by A. Grano on January 24th, 2012 at 7:00 am
Spraying is a problem that should be remedied quickly to avoid repeated behavior. Whether your cat just began ‘marking his territory’ in this unpleasant manner or you’ve come in contact with a neighbor’s cat with this bad habit, there are natural ways you can help put a stop to it.
Why do cats spray?
Urination problems are rarely to blame for spraying, but can occasionally be a cause. However, the two main causes are usually due to territorial marking and stress-related issues, which often go hand-in-hand.
If you’ve recently introduced a new cat into the household, moved, or made a major change in your cat’s routine, he or she may be trying to regain control by spraying.
Tips to Help
- Take Preventative Measures. Experts recommend spaying/neutering your cat by six months of age. This can help alleviate spraying problems in most cats before it begins.
- Reduce Stress. A stressful environment often breeds bad behavior, so try to minimize potential causes of stress for your cat. When guests are over, confine your cat to a comfortable environment away from noise. Try to keep routines consistent whenever possible by keeping your cat’s bed and litter box in the same respective places, and feed him or her at the same time each day.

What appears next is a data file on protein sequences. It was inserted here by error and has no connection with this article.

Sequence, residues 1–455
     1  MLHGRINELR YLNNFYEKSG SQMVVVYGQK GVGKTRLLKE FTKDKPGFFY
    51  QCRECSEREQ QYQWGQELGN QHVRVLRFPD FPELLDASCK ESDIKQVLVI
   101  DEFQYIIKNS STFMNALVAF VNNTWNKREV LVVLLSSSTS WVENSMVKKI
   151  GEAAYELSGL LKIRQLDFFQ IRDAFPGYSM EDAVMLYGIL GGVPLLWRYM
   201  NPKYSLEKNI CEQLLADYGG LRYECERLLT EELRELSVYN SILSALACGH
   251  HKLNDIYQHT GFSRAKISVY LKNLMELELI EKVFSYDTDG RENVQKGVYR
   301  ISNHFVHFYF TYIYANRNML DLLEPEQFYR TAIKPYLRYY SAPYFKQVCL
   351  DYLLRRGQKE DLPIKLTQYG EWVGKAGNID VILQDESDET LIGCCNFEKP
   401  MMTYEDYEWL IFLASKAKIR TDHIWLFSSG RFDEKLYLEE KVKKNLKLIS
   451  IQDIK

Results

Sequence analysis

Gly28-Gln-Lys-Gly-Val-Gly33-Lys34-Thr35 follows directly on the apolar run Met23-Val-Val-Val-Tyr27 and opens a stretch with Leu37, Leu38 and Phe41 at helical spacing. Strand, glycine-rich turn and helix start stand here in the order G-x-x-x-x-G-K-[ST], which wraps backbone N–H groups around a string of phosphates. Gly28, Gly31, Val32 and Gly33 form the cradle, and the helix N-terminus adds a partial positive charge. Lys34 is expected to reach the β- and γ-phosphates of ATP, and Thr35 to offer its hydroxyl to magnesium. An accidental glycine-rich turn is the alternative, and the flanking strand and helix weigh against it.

- Build Relationships. When introducing a new pet to the household, be sure to give extra attention to your other pets, and encourage that they play together, as competition can lead to spraying. However, do keep certain areas distinct, especially feeding and litter areas.
Is the Problem Outdoors?
For non-cat owners who have to endure their neighbor’s cat spraying, there are natural deterrents you can try. Coleus-Canina and Lavender plants are both non-toxic and emit an odor that cats are known to dislike. Planting these several feet apart can help deter cat spraying. Avoid using essential oils, as these are not safe for pets.
Problem Pet Solution™ Homeopathic remedy relieves behavior problems to maximize training and encourage appropriate conduct